Fountain Valley Decides to Regulate Short Term Rentals Instead of Full Out Ban

By Drew Van Voorhis
Drew Van Voorhis
Drew Van Voorhis
Drew Van Voorhis is a California-based daily news reporter for The Epoch Times. He has been a journalist for four years, during which time he has broken several viral national news stories and has been interviewed for his work on both radio and internet shows.
December 23, 2021 Updated: December 23, 2021

The city of Fountain Valley, Calif., voted 3-2 on Dec. 21 to draft a motion to support short-term rentals with a moderate amount of restrictions, instead of fully prohibiting them.

Short-term rentals are defined by the city as renting a living space for less than 30 days. Available options are commonly listed by homeowners on websites such as Airbnb and Vrbo.

Given that short term-rentals are not explicitly addressed in Fountain Valley’s municipal code, the city previously took the stance that they were prohibited. Due to the lack of an explicit prohibition, it was challenging to hold violators accountable. The city estimates that there are approximately 175 short-term rental operators in the city.

At recent August and November council meetings, the city council reduced approaches on how to deal with short term rentals to just two choices: either prohibit them completely or allow them with a “moderately restrictive level of regulations.”

For moderately restrictive regulations, the city manager explained it would entail a number of rules. First, the city would introduce a permitting process, where only one license per owner would be issued, in order to prevent corporations from taking over housing stock. The ordinance would also limit the number of unhosted short term rentals, where the owner is not present, to 100. There would be no limit on hosted operations.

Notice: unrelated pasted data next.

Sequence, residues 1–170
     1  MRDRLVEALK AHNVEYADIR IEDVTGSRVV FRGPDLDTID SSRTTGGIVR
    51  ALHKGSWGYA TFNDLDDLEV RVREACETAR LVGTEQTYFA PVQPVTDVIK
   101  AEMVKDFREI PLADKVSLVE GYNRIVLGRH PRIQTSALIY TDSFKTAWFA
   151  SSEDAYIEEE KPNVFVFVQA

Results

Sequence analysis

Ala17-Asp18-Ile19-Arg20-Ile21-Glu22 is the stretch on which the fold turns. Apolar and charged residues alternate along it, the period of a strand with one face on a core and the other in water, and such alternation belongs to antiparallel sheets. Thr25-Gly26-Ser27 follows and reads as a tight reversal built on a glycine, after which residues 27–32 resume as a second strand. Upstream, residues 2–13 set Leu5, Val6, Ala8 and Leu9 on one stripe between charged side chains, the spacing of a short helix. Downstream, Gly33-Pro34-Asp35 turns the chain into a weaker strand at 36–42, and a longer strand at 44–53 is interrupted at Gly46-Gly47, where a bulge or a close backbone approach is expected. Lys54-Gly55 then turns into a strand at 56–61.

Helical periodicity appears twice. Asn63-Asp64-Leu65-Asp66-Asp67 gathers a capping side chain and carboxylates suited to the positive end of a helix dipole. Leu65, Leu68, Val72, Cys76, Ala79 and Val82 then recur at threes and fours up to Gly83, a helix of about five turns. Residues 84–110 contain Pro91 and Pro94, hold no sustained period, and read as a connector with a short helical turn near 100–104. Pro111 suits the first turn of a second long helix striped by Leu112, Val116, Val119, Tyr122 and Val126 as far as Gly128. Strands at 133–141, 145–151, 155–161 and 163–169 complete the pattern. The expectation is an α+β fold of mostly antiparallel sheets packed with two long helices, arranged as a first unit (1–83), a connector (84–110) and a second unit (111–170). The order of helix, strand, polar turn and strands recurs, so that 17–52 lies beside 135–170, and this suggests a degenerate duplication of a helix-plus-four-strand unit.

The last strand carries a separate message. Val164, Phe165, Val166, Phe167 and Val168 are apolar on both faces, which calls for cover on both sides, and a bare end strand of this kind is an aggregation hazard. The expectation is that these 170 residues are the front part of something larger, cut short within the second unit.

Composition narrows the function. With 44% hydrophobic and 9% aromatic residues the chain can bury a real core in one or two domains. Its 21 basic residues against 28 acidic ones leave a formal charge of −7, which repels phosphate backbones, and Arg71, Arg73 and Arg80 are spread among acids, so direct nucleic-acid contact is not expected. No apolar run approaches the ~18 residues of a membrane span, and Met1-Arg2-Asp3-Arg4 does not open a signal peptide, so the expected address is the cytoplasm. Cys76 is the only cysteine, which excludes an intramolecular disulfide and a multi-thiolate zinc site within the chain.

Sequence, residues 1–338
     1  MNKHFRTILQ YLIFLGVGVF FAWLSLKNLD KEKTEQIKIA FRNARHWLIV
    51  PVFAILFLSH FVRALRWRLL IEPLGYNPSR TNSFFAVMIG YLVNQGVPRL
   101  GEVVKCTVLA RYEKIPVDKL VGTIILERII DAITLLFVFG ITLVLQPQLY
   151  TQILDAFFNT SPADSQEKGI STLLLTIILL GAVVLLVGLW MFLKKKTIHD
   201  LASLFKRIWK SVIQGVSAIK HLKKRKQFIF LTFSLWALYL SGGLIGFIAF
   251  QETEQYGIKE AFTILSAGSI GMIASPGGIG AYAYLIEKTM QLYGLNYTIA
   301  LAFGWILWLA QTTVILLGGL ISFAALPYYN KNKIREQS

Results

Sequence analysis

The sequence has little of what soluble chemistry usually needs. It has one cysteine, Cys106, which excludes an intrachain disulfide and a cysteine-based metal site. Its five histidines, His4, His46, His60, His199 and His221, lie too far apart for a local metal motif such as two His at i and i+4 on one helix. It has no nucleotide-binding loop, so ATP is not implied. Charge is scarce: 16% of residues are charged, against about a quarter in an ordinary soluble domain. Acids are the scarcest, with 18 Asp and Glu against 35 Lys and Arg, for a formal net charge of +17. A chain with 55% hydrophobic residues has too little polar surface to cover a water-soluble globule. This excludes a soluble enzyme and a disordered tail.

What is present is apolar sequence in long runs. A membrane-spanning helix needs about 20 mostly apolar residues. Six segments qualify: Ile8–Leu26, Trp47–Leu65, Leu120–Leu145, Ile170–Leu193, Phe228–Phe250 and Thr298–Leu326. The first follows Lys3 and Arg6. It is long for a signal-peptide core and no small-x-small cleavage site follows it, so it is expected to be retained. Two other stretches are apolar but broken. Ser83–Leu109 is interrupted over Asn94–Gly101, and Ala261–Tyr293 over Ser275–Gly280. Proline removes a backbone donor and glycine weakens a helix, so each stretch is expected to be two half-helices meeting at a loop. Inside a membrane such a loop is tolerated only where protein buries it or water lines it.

Councilmembers said the current system of businesses taking over neighborhoods needs to be changed.

“Somebody needs to speak up for our city and for our residences. We literally have businesses operating from our homes here. This is a residential community. I’m just floored,” Mayor Pro Tem Kim Constantine said. “We don’t issue permits, we don’t issue licenses for this.”

Constantine, who voted against allowing the operation to continue with restrictions, said the $250,000 in tax revenue the city would receive from taxing operators is not worth it.

“Let me tell you something, I am not excited about the $250,000 potential revenue, because we’re really going to have to have this policed with code enforcement, the police, various city staff, planning and building, and others. It’s just it’s not worth it to this city.”

Councilmember Michael Vo said whether the city allows or prohibits short term rentals, it will cost the city money because they need to enforce it.

“Whether we regulate it so that it can happen in an orderly manner that would benefit our residents or we just [prohibit STRs] and it will grow … it could go underground … and other people can rent the house for 30 days and sublease it to other people [in an effort to get around the ordinance].”

The council voted to direct city staff to bring back a motion to approve short term rentals with the moderate level of restrictions, with Mayor Patrick Harper and Mayor Pro Tem Constantine dissenting.

Drew Van Voorhis is a California-based daily news reporter for The Epoch Times. He has been a journalist for four years, during which time he has broken several viral national news stories and has been interviewed for his work on both radio and internet shows.